BUILDING societies like Nationwide could get a break from the toughest new lending rules, as the Banking Commission realised their models would be hit hard by a tighter leverage ratio, it emerged yesterday.
MPs and peers have been pushing the chancellor and regulators hard to impose a four per cent leverage ratio on lenders, up from the three per cent currently coming in.
That would reduce leverage from 33-times core capital – a three per cent ratio – to 25-times, a four per cent ratio. It is intended to strip out the uncertainties around accurate risk weightings, providing a crude but clear cap on lending of banks for a given level of capital.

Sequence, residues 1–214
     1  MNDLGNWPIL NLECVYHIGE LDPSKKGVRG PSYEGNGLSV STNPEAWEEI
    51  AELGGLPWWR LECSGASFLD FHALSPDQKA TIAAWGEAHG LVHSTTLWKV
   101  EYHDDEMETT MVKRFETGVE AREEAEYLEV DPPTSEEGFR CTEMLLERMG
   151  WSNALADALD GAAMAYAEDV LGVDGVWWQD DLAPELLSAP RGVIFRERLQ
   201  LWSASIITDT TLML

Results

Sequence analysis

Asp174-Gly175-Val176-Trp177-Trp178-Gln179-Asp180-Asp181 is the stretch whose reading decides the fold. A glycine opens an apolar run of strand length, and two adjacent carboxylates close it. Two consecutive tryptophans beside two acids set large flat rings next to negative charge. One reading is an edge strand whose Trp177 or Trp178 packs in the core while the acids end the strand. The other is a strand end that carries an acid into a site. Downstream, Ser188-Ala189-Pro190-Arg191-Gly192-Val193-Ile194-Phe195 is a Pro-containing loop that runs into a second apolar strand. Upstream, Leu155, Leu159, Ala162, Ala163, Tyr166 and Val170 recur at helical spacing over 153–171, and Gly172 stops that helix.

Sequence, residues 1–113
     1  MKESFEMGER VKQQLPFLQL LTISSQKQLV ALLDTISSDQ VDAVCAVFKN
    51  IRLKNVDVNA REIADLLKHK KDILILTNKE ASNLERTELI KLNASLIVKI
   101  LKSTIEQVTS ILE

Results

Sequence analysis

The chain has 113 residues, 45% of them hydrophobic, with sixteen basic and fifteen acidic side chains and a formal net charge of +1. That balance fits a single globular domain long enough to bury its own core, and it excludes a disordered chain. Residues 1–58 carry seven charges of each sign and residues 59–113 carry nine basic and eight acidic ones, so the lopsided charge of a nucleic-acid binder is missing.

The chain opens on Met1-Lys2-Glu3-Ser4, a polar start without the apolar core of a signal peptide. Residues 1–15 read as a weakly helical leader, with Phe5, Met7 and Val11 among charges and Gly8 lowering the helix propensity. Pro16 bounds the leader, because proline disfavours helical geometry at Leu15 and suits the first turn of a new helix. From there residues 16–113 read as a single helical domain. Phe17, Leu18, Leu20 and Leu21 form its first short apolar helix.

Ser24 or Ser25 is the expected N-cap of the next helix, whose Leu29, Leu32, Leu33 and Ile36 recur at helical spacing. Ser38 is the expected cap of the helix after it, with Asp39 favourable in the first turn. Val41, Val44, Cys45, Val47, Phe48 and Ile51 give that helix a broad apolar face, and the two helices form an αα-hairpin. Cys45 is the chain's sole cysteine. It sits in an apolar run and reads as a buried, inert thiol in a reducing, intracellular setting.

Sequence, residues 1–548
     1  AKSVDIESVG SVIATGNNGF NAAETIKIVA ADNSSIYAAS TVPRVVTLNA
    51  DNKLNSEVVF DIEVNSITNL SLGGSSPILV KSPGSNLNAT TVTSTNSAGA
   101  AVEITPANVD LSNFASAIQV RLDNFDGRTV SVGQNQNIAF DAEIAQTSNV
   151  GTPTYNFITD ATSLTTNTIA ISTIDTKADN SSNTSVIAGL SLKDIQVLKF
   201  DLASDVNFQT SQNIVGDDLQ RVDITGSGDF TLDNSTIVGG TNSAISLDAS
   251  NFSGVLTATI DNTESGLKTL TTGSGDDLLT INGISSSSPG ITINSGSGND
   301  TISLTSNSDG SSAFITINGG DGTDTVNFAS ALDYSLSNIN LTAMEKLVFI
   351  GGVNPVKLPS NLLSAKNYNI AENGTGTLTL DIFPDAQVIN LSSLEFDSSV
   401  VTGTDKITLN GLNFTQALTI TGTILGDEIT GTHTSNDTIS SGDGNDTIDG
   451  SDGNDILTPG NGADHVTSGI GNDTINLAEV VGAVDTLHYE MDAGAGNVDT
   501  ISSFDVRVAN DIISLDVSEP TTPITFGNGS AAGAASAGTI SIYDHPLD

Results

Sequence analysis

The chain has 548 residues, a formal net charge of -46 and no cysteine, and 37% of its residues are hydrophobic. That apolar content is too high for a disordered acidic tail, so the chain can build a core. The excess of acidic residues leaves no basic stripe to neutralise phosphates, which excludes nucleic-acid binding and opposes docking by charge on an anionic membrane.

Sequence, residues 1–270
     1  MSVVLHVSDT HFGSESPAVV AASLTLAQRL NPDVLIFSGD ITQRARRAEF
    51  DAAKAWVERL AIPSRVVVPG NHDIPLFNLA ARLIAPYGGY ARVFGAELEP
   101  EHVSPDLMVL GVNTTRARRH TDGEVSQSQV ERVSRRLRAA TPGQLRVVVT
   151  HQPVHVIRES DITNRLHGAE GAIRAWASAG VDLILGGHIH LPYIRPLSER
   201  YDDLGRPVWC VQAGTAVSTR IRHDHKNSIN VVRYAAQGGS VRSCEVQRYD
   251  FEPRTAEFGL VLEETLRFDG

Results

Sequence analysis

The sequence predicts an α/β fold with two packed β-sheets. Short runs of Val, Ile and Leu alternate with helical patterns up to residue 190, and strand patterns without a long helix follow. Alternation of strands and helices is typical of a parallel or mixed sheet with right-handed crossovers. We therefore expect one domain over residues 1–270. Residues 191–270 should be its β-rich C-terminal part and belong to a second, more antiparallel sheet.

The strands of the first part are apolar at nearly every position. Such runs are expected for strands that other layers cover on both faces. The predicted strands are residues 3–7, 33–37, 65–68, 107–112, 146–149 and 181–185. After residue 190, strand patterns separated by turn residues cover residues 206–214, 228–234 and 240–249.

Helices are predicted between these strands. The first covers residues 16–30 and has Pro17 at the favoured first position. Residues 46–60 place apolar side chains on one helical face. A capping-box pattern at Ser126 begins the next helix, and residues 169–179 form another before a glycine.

But it also harms building societies – the Nationwide’s leverage ratio was 2.5 per cent at the end of last year – despite their lending being viewed as particularly safe.
Opponents of a four per cent limit cite this as a reason to stop it. But the Banking Commission favours a range of exemptions, instead.
“If problems are created for banks with particular characteristics, they should be addressed by specific derogations not by reducing the leverage ratio for all banks,” its report said.